Montreal Via Holland
How Men’s Soccer Team Target-Man Matthijs Eppinga Ended Up at Concordia
The men’s soccer team has finally got some depth up front.
The strike partnership between Toronto native Fred Moody, second-year player Claude Arthur Diesse and Dutch exchange student Matthijs Eppinga is one that cannot be easily matched, particularly because each player is over six feet tall and can all put the ball in the back of the net.
But how did Eppinga, the newest player of the three, make it onto coach Lloyd Barker’s squad? While the actual answer to that question is quite simple, the route Eppinga took to end up at Concordia is interesting to say the least.
Eppinga was born in the small town of Drachten, Netherlands on February 21, 1988. He started playing soccer at the age of six and began his career as any normal child would by toiling for his local club.
At 14, youth academy coaches from SC Cambuur Leeuwarden—a professional Dutch side that plays around 30 kilometres northwest of Drachten—recruited him.
The club has served as a starting point for some Canadian players who have plied their trade abroad, including current University of British Columbia Thunderbird Brandon Bonifacio. But after four years of daily training sessions at SC Cambuur, Eppinga felt it was time to concentrate on his studies.
However, the six-foot-three, 187-pounder, had not lost touch with his footballing side completely, as his next step was to accept a soccer scholarship to Franklin Pierce University in New Hampshire to study international business management.
The Franklin Pierce Ravens’ men’s soccer team is regarded as one of the top teams in the National Collegiate Athletic Association’s Division II, and even produced former Montreal Impact player Felix Brillant.
Former head coach Marco Koolman, who is now associate head coach of the NCAA Division I Boston College Eagles, was an influential figure in bringing Eppinga into the fold at Franklin Pierce.
“He travelled around Europe to look for players,” said Eppinga of his countryman. “He was really about discipline, working hard and personality. It wasn’t just if you were a good soccer player that you got to play. He was a complete coach.”
Eppinga spent two seasons with the Ravens before winning the 2007 national championship.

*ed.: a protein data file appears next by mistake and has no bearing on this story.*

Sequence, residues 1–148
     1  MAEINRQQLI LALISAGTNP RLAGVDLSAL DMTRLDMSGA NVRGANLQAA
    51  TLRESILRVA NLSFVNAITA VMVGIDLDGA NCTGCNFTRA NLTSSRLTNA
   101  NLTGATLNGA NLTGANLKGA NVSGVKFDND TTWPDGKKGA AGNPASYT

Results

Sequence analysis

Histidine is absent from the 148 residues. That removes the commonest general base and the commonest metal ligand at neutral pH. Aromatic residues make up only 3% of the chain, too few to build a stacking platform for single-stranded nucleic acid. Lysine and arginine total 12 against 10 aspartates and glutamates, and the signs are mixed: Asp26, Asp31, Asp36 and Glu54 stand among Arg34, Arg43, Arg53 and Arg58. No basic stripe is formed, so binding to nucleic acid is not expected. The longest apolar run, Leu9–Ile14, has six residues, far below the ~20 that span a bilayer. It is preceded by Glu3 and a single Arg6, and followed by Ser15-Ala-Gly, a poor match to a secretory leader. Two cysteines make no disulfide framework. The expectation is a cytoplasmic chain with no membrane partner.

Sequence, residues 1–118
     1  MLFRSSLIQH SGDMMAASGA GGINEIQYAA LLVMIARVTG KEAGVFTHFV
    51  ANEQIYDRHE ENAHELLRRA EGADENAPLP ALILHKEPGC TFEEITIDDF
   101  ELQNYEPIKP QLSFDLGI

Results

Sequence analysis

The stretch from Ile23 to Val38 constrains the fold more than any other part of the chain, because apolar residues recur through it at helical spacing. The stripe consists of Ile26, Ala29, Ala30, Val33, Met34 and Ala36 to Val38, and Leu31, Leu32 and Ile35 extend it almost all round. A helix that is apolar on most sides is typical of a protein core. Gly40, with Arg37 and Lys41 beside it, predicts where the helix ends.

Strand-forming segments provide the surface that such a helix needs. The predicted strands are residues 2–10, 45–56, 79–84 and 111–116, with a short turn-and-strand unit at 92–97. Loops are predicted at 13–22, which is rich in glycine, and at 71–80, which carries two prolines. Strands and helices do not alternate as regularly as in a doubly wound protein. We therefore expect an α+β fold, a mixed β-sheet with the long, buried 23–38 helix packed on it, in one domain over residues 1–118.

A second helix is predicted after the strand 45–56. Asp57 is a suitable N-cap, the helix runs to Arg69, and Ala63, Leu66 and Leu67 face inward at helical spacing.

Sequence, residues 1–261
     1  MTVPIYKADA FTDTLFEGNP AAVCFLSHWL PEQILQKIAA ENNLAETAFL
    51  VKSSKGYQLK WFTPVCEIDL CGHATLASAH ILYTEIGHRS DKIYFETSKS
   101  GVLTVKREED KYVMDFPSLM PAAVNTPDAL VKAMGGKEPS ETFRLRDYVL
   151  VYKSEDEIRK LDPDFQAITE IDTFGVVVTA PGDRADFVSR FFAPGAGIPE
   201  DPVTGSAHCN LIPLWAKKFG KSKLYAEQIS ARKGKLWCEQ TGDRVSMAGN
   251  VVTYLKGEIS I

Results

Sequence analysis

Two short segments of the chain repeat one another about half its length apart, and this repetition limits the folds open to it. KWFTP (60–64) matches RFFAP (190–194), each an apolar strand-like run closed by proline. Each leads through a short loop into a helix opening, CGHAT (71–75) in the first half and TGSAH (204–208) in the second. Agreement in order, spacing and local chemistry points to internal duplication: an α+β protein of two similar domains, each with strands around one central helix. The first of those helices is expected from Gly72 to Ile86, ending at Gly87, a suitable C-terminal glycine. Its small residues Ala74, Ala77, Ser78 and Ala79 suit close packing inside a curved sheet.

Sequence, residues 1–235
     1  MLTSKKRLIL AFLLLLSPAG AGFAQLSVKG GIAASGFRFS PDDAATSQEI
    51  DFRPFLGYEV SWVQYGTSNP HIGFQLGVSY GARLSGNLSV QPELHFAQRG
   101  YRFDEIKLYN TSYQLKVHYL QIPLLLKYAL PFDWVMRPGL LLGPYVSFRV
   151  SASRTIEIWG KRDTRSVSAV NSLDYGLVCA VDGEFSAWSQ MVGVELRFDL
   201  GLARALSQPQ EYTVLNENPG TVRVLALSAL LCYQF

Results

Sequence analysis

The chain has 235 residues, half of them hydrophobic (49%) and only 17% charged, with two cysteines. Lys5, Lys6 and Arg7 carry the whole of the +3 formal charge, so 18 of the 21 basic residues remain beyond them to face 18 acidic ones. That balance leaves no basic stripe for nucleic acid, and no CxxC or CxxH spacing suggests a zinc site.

“I would say we had a Division I squad,” said Eppinga, whose team, like most in the NCAA, played exhibition games against NCAA Division I opposition.
“There were more European players in Division II for some reason and that changed the game a bit—people would play more for possession and less like the Americans [who employed] the long ball [tactic].”
After his experience at Franklin Pierce, Eppinga moved back to the Netherlands and played for Dutch amateur side Flevo Boys in Emmeloord, roughly one hour south of his hometown.
Under head coach and former SC Heerenveen striker Willem Brouwer, Eppinga helped Flevo Boys gain promotion to the newly implemented Dutch third division last season.
“If we win the championship, we get to play in the pro league. So it’s a big step,” said Eppinga, who plans to return home after his time at Concordia.
Eppinga could have chosen another continent, never mind a country or city, for his semester abroad. But his time in the United States gave Eppinga the desire to explore North America, specifically Montreal.
It’s no accident that the Dutchman is now playing for the Stingers. He sent coach Barker an email inquiring whether he could play under him upon deciding to continue his studies at Concordia, and he was later afforded a spot on the team.
“His main asset is that he knows the game very well,” said Barker during the preseason. “He’s come through a good development system and knows what is required of him to succeed at the university level. We’re over the moon to have him, believe me.”
Eppinga’s role as a target man for coach Barker may not come as a shock to many because of his size, but the 22-year-old admitted he had been utilized for various other situations in his home country, where most players are more-or-less the same height as him.
This article originally appeared in Volume 31, Issue 05, published September 14, 2010.